The impacts of human activities on the environment exist in everything we do; from what we eat to how we build our homes. In the 21st century, we have begun to implement sustainable construction practices, as a paramount inclusion in mitigating the adverse impacts of human activities on our world. The choice of roofing materials that we make can be one of the most significant impacts to how well our home may be considered “environmentally sustainable.” What we choose for our roof has significant importance in the overall health of our home, from its architectural appeal to its insulation. Yet not all roofing materials are created equally when it comes to environmental impact.
A renowned contractor and roofing company like Epic Roofing can help you decide on what roofing material is best for your home. Keeping in mind the environmental impact of what you choose can go a long way to encourage sustainability and diminish your carbon footprint. Let’s get into the environmental impact of the most popular roofing material:
The Environmental Impact of Asphalt Shingles
Asphalt shingles are considered the most common roofing material among homeowners, primarily due to their ability to adapt to numerous environments and climates, and their affordability. However, replacing roofs with asphalt shingles has resulted in tens of millions of pounds of shingle waste, which has the potential to be recycled, but is generally diverted to landfills for ease and therefore wasted.
Landfill Waste and Disposal Challenges
Asphalt shingles may take anywhere between 300-400 years to decompose entirely. Because shingles are dense, they take up a lot of room, which means that there is a significant loss of space for other types of waste. They may also leech chemicals into ground water supplies, which can end up becoming carcinogenic. Consider how many homes there are in Canada that use asphalt roofs, and then consequently consider that asphalt roofs must be replaced every 20-25 years. That’s a lot of waste being dumped.
Potential for Recycling and Sustainability
Asphalt shingles are recyclable, but the practice of recycling them hasn’t become commonplace until recently. Asphalt shingle scrap can be used for asphalt pavement, fuel oil, new roofing, road cover, ramps, bridges, utility cuts, and parking lots. The process of recycling asphalt shingles involves grinding the shingles to a much smaller size in order to repurpose them. It is eco-friendly and can save you a lot of time and money, plus it prevents companies from dumping tons of waste into landfills.
If you are considering a roof replacement, consider your options for roofing sustainability and ask about recycling your roofing material.
Sustainable Roofing Alternatives
Beyond choosing a roofing material that is the most affordable, many homeowners are also considering which roofing material is the most eco-friendly. There are numerous types of eco-friendly roofing options, all of which varying in cost, material, and design. Those are:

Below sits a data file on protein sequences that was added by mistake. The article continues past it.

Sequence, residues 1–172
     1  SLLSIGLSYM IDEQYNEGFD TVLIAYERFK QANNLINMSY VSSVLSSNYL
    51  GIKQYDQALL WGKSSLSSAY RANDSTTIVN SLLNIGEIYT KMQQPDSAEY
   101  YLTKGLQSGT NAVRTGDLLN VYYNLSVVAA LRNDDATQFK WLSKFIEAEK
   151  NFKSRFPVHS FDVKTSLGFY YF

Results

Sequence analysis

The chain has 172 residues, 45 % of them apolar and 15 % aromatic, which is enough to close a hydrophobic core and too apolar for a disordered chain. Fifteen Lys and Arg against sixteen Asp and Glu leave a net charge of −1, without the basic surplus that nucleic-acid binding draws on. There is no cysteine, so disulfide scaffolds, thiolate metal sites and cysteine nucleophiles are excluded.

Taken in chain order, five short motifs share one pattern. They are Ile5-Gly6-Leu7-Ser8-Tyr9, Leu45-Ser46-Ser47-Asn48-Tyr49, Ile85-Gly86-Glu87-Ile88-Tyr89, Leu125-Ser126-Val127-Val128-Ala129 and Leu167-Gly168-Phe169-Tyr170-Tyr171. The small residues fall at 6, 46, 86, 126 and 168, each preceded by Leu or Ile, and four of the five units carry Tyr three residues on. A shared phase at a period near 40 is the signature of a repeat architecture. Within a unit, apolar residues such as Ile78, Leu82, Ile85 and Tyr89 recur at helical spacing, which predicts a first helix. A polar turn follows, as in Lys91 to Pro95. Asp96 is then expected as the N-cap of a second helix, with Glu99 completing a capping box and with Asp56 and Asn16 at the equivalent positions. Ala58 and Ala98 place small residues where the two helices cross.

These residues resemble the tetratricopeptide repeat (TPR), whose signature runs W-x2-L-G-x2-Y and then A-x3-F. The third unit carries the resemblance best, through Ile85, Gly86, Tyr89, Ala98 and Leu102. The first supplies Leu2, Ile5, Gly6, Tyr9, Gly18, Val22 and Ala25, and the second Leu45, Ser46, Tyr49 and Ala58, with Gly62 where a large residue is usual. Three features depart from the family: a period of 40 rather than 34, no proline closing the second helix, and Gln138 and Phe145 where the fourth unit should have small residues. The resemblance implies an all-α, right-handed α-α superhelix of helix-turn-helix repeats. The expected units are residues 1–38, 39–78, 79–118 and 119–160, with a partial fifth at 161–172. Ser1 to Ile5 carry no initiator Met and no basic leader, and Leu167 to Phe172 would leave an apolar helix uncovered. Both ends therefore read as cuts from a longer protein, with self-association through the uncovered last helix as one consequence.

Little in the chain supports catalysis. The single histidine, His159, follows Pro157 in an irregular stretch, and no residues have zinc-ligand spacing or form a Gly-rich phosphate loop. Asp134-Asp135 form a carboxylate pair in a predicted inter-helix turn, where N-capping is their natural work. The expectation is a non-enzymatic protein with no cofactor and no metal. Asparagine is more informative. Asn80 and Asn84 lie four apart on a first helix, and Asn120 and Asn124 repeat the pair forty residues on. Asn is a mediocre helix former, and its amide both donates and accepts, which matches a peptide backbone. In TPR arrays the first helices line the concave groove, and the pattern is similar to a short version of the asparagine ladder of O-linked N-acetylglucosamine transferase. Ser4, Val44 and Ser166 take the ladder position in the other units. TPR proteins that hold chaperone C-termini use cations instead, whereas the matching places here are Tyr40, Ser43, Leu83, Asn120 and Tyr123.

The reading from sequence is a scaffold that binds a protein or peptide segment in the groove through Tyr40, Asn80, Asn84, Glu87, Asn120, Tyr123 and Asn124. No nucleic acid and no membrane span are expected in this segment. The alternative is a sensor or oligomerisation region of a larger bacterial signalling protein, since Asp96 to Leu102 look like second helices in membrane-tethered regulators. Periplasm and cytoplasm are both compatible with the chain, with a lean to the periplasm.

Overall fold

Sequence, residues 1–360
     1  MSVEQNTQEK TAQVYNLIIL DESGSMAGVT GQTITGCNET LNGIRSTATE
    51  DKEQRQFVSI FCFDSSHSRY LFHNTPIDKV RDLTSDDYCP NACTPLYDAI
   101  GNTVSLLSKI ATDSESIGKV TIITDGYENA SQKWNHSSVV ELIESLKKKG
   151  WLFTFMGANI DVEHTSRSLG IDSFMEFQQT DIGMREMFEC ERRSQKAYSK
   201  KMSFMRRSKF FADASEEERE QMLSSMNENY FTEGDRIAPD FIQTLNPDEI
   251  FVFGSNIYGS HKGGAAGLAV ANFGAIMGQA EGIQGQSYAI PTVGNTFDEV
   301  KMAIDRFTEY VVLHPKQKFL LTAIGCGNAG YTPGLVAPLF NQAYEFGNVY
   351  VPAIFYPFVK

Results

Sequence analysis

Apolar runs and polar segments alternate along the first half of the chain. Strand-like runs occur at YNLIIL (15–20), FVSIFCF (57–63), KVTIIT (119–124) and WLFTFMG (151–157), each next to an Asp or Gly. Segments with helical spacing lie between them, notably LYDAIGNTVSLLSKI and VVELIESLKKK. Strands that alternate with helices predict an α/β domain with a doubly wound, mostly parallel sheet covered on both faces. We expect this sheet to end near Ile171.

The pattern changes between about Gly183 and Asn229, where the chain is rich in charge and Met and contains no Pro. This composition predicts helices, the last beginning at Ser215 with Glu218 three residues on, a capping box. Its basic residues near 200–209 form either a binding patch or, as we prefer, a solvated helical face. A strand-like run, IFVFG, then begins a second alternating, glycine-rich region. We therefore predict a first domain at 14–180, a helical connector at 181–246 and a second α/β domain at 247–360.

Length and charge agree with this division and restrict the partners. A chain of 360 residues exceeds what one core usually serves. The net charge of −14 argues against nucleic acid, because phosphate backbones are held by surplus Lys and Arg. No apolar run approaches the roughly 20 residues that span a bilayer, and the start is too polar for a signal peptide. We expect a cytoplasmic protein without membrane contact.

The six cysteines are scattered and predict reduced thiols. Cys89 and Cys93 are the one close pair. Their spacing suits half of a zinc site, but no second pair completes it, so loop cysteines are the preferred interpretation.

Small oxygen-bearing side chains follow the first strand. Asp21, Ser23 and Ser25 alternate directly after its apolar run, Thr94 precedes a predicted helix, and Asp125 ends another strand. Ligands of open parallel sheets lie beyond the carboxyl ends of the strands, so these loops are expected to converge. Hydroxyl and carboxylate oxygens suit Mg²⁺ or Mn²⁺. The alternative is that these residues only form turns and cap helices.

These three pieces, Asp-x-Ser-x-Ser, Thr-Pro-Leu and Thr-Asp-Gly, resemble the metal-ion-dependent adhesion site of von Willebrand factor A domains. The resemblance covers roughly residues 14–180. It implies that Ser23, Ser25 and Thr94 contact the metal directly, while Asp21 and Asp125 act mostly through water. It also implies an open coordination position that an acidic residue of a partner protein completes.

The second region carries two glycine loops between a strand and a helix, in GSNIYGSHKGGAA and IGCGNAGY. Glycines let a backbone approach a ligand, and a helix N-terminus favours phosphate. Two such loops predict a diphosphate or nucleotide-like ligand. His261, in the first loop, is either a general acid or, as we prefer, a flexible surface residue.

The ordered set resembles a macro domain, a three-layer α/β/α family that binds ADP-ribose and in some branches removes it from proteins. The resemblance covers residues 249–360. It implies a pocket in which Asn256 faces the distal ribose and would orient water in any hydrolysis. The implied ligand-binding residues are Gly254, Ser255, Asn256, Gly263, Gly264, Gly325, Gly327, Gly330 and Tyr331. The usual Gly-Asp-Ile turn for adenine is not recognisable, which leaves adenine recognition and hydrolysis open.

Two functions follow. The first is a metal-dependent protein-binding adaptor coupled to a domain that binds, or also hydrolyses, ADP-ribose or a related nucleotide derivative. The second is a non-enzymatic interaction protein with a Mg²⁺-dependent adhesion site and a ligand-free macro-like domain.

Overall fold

- Standing-seam metal roofs, which are long-lasting and 100% recyclable. They come in a limited number of designs but are fire-resistance and ideal for snowy climates.
- Sustainable wood shakes, which give the classic appearance of wood shingles.
- White roof/cool roof, which has a cooling effect on the house as it reflects much of the sun’s rays. Cool roof systems have the added advantage of reducing air conditioning bills and can significantly reduce energy costs.
- Clay roof, which offer a Spanish design and can naturally last up to 100 years. They may not be good in all climates, but are consider eco-friendly options.
- Green roof, which offers homes additional cooling and insulation and a natural appearance for a more beautiful home.
Key Points: Prioritizing Sustainable Roofing & Informed Decision-Making at Home
The environmental impact of your home’s roofing materials should not be overlooked when you are striving for more sustainable construction practices. As we have addressed earlier, asphalt shingles may be recycled but often are not – thereby resulting in thousands of pounds of unnecessary landfill waste, which can take 300-400 years to fully decompose. There are options for recycling asphalt, as well as dozens of other roofing alternatives which may be more eco-friendly all around. Those include metal roofing, wood shakes, cool roofs, clay roofs, and green roofs. Of course, always discuss your roofing options with your local roofing company, to choose which option is the most durable, best for your current environment, affordable, and has the best environmentally-friendly properties. Roofing materials should be able to withstand local weather conditions to be able to stand up in the long-term, but your local roofing company should be able to lend your expertise when it comes to narrowing down your decisions.
Ultimately, the conscious decision to be more eco-friendly comes down to both the construction industry and the individuals. Doing our best to make informed decisions and embracing eco-friendly alternatives can help all of us to significantly reduce the environmental impact of our buildings and our homes.